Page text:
* Independent board faced government pressure for rate cut
* Bank sees GDP growth between 2.5 pct and 4.5 pct in 2013
* Economy growing below potential
By Helen Murphy and Nelson Bocanegra
BOGOTA, Jan 28 Colombia cut its key lending rate
a quarter point for a third straight month to protect the
economy from a global slowdown and some policymakers called for
a steeper reduction in a sign further easing may be ahead.
Colombia's central bank board reduced its overnight lending
rate by 25 basis points to 4 percent in a widely expected move
after weakness in the industrial and export sectors sparked
concern the economy was stalling. Strong capital inflows have
boosted the value of the peso against the dollar and hurt
manufacturers and exporters.
The bank said it saw little risk in cutting its benchmark
interest rate to its lowest level since May 2011.
"The Colombian economy is growing below its potential,
observed and projected inflation are falling below the target of
3 percent, and there is no looming upward pressure on it in the
near future," the bank said in a statement after its decision.
With the split in the board over the size of the cut, some
analysts saw a further rate cut in February.
"The characteristics of the economy haven't changed and with
inflation expectations stagnant below target, it's clear the
government wants more monetary stimulus ... I'm expecting
another rate cut in February" said Pedro Tuesta, U.S.-based head
of strategy for Latin America at 4Cast Inc consultancy.
A Reuters poll last week found all but one of 34 economists
had expected the bank to cut the rate on Monday.
Bank chief Jose Dario Uribe said the decision was not
unanimous as some board members wanted a bigger reduction.
"The decision to lower rates was unanimous," Uribe told
reporters. "But some wanted to lower rates and some wanted to
While the central bank is independent under the
constitution, the government pressured for a rate cut more than
usual in recent days. President Juan Manuel Santos last week
said he would "ask the board to continue lowering interest
DOLLAR BUYING PROGRAM
In a bid to ease gains in the currency, the bank also
stepped up its daily dollar purchases to at least $30 million
between February and May from $20 million or more now. The bank
will spend at least $3 billion.
The new intervention level replaces a program that was set
to run through March.
In some ways, Colombia is the victim of its own success as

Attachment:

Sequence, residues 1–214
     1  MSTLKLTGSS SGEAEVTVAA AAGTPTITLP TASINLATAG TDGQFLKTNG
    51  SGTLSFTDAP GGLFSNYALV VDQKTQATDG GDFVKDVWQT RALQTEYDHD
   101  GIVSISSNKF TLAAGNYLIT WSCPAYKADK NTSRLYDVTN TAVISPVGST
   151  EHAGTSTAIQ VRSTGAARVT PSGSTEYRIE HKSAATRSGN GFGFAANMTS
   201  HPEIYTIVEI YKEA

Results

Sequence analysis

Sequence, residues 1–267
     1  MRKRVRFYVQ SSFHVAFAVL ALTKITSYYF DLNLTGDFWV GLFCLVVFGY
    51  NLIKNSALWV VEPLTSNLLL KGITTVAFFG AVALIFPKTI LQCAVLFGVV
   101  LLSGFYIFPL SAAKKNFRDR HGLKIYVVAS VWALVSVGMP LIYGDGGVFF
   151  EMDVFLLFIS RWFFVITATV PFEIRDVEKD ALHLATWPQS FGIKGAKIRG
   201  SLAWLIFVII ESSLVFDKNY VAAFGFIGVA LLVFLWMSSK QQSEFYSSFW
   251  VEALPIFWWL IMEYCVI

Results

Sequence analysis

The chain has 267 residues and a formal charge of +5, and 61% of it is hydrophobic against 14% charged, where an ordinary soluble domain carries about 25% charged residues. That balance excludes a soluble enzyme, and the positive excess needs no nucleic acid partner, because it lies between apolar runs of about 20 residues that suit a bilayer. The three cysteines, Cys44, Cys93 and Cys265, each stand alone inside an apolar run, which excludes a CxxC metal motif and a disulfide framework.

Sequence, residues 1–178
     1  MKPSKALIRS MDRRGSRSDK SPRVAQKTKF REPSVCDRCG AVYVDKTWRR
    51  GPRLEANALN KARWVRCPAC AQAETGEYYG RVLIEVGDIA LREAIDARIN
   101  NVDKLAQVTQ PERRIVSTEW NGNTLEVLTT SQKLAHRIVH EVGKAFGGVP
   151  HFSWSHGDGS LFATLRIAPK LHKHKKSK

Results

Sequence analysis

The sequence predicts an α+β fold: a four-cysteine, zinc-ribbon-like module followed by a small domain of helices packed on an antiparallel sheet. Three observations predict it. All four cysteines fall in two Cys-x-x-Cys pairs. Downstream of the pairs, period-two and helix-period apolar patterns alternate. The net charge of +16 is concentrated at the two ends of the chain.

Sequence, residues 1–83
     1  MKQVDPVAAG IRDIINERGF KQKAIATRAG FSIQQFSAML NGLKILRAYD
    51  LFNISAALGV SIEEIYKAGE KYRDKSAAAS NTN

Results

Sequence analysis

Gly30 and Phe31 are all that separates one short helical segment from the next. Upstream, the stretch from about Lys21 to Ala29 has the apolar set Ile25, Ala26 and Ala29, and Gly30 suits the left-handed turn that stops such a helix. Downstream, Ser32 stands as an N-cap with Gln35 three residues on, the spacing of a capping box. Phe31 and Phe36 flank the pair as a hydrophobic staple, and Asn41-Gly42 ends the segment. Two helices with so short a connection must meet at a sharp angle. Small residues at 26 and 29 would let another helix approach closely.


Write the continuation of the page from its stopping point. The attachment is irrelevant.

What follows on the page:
improved security over the last decade opened up many parts of
the country to more investment especially in oil and mining
whose dollar inflows are a key reason for the peso's gains.
"I think you start to see more aggressive if not heterodox
policy responses if the current strategy of buying $30 million
day doesn't work," said Bret Rosen, senior Latin America
strategist for Standard Chartered in New York.
"But that is a last resort. Perhaps if we break 1,750 or
lower do they start to think that way."
The peso closed on Monday 1,779.75 per dollar.
Citing economic models, Finance Minister Mauricio Cardenas
said that equilibrium for the peso was about 8 percent weaker
than the current rate.
Exporters and manufacturers have complained that their
industries are being hobbled by the rising currency. A lower
interest rate attracts fewer dollars to Colombia, reducing
pressure on the peso.
The strong peso, which gained almost 9 percent last year,
hurts Colombia's exporters and manufacturers because they earn
in dollars but pay costs in pesos. They are also being hit by
weak international and domestic demand.
Feeble third quarter numbers in construction, mining and
civil works set off alarms that the global crisis had hit
Colombia harder than previously thought and was damaging the
nation's economic drivers.
The government announced measures last week to help
manufacturing as declines in the sector in six of the eleven
reported months last year sparked concern factories could
consider layoffs just as the jobless rate is falling.
In November, industrial output fell 4.1 percent compared
with a year earlier when it rose 5 percent.
Given the weak economic numbers, the government has revised
down its GDP forecast for last year to 4 percent from an earlier
prediction of 4.8 percent.
The bank said the rate cut was aimed at getting the economy
back to near its productive capacity this year, without
jeopardizing the bank's inflation target or the country's
The monetary authority estimated an economic expansion this
year of between 2.5 percent and 4.5 percent with likely growth
of around 4 percent.
Uribe has repeatedly said the bank's main responsibility is
to keep inflation under control and prevent bank lending from
encouraging too much household debt.
Inflation last year reached 2.44 percent, comfortably within
the bank's target range of 2 percent to 4 percent.
"A good part of monetary policy decisions are based on how
inflation looks for this year and the minutes of the last
meeting are clear that it's below what the bank was expecting,"
said Andres Langebaek, an economist at financial entity Grupo
Bolivar in Bogota.